— The longstanding efforts of the international community writ large to exclude weapons of mass destruction (WMD) from international competition and conflict could be undermined in 2030. The proliferation of these weapons is likely to be harder to prevent and thus potentially more prevalent. Nuclear weapons are likely to play a more significant role in the international security environment, and current constraints on the proliferation and use of chemical and biological weapons could diminish. There will be greater scope for WMD terrorism, though it is not possible to predict the frequency or severity of any future employment of WMD. New forms of WMD—beyond chemical, biological, radiological, and nuclear weapons—are unlikely to emerge by 2030, but cyber weapons will probably be capable of inflicting such widespread disruption that the United States may become as reliant on the threat to impose unacceptable costs to deter large-scale cyber attack as it currently is to deter the use of WMD. The definition of weapons of mass destruction will remain uncertain and controversial in 2030, and its value as an analytic category will be increasingly open to question.
The Bosnian Train and Equip Program: A Lesson in Interagency Integration of Hard and Soft Power
March 1, 2014
— DOWNLOAD PDFExecutive Summary Military assistance to Bosnian forces was part of a complex plan to resolve what one former Secretary of State called “the problem from hell.” When Yugoslavia began to disintegrate in the early 1990s following the Soviet Union’s demise, it released a mix of nationalist and ethnic movements that led to civil war.
Crisis Stability and Nuclear Exchange Risks on the Subcontinent: Major Trends and the Iran Factor
November 1, 2013
— Crisis stability—the probability that political tensions and low-level conflict will not erupt into a major war between India and Pakistan—is less certain in 2013 than at any time since their sequential nuclear weapons tests of 1998. India’s vast and growing spending on large conventional military forces, at least in part as a means to dissuade Pakistan’s tolerance of (or support for) insurgent and terrorist activity against India, coupled with Pakistan’s post- 2006 accelerated pursuit of tactical nuclear weapons as a means to offset this Indian initiative, have greatly increased the risk of a future Indo-Pakistani military clash or terrorist incident escalating to nuclear exchange. America’s limited abilities to prevent the escalation of an Indo-Pakistani crisis toward major war are best served by continuing a significant military and political presence in Afghanistan and diplomatic and military-to-military dialogue with Pakistan well beyond 2014.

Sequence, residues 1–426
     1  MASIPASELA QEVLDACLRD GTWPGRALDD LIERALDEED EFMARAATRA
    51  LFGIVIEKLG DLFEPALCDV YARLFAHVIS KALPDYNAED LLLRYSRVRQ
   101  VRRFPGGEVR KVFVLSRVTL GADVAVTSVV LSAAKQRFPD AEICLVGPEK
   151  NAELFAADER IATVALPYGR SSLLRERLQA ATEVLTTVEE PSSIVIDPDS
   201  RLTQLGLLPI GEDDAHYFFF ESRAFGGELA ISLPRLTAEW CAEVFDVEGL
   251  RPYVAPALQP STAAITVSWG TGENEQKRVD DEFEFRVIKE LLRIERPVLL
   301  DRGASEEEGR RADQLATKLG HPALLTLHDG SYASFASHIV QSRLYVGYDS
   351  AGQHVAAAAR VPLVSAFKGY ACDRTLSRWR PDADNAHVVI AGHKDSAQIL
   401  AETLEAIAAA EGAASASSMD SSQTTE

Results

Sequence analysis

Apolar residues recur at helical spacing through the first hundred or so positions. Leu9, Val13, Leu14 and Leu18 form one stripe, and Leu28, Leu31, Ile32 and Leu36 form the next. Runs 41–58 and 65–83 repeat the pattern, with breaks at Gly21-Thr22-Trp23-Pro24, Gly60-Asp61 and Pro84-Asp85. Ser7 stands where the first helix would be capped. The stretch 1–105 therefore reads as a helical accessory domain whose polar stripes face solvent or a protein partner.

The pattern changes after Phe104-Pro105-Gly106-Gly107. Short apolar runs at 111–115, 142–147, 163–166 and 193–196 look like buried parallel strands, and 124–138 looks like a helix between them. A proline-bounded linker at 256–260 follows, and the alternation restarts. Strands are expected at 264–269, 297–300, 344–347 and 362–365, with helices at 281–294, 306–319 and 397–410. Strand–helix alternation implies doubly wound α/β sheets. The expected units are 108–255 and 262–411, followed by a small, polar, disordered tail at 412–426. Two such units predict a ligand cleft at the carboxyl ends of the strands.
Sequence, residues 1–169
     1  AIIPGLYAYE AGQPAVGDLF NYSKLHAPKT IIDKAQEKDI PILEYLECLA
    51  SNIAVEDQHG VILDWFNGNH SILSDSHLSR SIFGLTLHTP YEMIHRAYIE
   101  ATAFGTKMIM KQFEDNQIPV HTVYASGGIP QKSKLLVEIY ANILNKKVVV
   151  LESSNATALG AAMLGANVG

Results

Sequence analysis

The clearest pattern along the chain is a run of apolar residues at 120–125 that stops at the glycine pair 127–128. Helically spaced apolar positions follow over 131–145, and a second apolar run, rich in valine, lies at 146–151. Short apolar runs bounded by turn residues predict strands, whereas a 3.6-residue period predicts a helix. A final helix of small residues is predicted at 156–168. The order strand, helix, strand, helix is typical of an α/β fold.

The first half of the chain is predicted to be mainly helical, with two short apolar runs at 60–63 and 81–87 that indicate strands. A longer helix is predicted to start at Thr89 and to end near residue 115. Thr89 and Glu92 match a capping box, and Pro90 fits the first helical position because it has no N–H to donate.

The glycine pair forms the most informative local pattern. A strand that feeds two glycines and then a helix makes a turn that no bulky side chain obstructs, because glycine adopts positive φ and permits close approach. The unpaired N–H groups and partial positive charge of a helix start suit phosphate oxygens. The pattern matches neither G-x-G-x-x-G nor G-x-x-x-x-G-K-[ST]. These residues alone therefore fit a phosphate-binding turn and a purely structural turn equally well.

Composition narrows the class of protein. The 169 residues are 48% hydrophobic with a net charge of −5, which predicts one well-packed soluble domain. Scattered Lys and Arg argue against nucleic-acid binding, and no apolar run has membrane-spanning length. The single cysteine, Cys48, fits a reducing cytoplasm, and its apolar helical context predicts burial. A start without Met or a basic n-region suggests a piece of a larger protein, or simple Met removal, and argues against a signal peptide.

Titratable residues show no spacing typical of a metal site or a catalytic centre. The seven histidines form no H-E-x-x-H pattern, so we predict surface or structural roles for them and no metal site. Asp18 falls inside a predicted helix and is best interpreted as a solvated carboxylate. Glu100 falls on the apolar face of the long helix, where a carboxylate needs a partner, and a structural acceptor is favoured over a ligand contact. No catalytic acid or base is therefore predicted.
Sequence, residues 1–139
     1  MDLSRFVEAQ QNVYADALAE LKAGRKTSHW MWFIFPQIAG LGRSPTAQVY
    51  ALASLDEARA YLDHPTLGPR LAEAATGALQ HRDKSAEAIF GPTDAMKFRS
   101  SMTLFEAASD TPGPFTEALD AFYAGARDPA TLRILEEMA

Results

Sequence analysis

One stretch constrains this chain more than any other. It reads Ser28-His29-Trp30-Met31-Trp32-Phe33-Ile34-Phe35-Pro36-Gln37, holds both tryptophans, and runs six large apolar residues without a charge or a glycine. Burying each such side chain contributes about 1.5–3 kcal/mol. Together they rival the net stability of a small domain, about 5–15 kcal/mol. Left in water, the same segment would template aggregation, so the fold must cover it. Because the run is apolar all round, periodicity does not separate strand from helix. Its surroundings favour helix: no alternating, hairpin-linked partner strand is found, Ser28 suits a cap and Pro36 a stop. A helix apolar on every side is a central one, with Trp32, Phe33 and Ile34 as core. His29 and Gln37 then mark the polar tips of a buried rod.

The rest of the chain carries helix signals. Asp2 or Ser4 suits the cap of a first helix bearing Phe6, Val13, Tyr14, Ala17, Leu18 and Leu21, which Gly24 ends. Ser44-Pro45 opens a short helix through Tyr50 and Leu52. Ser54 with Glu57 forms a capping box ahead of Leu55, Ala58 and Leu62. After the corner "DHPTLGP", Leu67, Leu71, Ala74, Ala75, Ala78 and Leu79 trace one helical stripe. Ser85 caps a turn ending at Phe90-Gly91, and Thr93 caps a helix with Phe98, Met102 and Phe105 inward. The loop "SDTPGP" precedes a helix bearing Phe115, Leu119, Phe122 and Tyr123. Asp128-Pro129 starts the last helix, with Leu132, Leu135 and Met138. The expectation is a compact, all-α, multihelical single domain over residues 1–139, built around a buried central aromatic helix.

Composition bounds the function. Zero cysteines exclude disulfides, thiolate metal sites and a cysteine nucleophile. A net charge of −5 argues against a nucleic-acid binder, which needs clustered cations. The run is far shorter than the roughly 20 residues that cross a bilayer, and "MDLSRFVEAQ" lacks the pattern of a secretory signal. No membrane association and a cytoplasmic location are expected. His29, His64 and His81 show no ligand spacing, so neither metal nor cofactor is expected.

China’s Forbearance Has Limits: Chinese Threat and Retaliation Signaling and Its Implications for a Sino-American Military Confrontation
April 1, 2013
— Since its founding in 1949, the People’s Republic of China (PRC) has employed military force in defense of China’s security and territorial integrity. In many such instances, Beijing implemented a calculus of threat and retaliation signals intended first to deter an adversary from taking actions contrary to Chinese interests by threatening the use of military force and, if deterrence failed, to explain and justify Beijing’s resort to military force.
The New NATO Policy Guidelines on Counterterrorism: Analysis, Assessments, and Actions
February 1, 2013
— DOWNLOAD PDFExecutive Summary The history of the North Atlantic Treaty Organization (NATO) will say that the first, and so far only, time NATO has called upon its Article 5 collective defense clause was on September 12, 2001, following a terrorist attack on one of its members. Yet, until the agreement by NATO Heads of State and Government on the
Japan-China Relations 2005–2010: Managing Between a Rock and a Hard Place An Interpretative Essay
October 1, 2012
— DOWNLOAD PDFExecutive Summary Between China and Japan, the past is ever-present. Notwithstanding shared cultural and historic ties, throughout the past century and going back to the Sino-Japanese war at the end of the 19th century, a bitter legacy of history—the Boxer Rebellion; the Mukden Incident and Japan’s occupation of South Manchuria (1931);